What's been your impression of Miami so far?
It's a pretty cool place. I guess not like anywhere else we've been to in America. It's sort of an inviting location. Lots of nice beaches. And I guess because of the times we've been there, there always seem to be parties happening.
It has more things in common with parts of South America we've been to or Puerto Rico. It's definitely a place we always enjoy playing. And as part of a U.S. tour, it's cool to go to somewhere that's different like that.
When you played at Ultra in 2009, you announced that the performance was the final stop in support of In Ghost Colours. You had been on the road 15 months. Do you plan to tour just as long for Zonoscope?
I don't think so. One of the aims with doing this record was to sort of compact it into a short space of time, so we could get back to making a new record a little bit sooner. I think the gap between In Ghost Colours and Zonoscope was a lot quicker than between [debut album Bright Like Neon Love] and [In Ghost Colours].
We might just be doing more studio stuff. We've certainly done a lot of shows this year, even packed in a short space of time. It's not really that we've played less. It's that we've played more in a shorter period. I imagine we won't be doing a whole lot more touring after that point. But you never know... There might be one-off festivals and the like. But I doubt we'll be playing more beyond this year.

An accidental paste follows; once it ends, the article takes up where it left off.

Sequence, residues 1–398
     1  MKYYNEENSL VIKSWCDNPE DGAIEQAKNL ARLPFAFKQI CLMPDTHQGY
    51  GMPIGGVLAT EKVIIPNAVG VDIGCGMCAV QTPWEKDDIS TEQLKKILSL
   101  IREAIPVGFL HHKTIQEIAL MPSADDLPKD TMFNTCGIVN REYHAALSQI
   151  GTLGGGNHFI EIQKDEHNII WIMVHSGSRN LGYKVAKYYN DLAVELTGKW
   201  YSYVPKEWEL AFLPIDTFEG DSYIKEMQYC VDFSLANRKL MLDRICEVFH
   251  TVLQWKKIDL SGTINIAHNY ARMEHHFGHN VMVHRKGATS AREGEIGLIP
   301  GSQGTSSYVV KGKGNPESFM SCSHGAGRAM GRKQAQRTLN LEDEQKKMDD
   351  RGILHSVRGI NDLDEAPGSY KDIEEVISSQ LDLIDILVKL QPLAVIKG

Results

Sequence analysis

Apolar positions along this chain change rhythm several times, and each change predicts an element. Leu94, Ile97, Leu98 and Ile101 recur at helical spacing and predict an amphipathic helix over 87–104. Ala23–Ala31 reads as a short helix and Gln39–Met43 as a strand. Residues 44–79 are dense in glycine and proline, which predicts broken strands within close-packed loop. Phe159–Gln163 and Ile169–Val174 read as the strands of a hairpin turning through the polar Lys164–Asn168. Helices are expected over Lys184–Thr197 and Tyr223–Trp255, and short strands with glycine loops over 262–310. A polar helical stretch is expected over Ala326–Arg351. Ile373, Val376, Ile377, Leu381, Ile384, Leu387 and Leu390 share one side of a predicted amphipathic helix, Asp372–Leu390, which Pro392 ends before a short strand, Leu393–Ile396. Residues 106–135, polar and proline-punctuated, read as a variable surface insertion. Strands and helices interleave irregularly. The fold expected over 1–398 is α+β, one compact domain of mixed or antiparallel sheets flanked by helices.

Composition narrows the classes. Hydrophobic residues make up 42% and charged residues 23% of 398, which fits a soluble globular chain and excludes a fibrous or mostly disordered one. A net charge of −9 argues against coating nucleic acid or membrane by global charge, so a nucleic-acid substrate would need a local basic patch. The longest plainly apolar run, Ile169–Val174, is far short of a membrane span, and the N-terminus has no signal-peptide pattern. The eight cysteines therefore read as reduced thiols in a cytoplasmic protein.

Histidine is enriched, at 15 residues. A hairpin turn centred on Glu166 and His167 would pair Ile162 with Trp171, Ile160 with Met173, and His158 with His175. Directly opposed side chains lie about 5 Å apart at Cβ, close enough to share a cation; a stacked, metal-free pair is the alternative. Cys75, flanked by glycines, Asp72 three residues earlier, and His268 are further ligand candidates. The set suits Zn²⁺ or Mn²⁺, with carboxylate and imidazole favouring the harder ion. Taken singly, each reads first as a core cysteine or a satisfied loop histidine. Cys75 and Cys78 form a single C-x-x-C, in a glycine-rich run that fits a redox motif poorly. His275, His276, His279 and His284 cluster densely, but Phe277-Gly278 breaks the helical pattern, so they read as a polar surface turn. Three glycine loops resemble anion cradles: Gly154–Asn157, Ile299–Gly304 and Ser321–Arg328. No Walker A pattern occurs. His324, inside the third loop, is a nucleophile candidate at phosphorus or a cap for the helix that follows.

Do you write a lot when you are on the road?
Not really. I guess that's one of the reasons we don't want to tour endlessly. The way we write, we sort of need a studio and our home environment to do it, because we use a lot of synthesizers and instruments. That's not the sort of thing we can do during a sound check or in between shows when we are touring.
If we were a different kind of band — four guys who each played a specific instrument and that's it, like a classic rock band setup — it might be different. But the way we've done our records to date is definitely dependent on having time and different studio gear.
When you are in the studio, is there a particular process for your songwriting? Do you write the melody first and then the lyrics?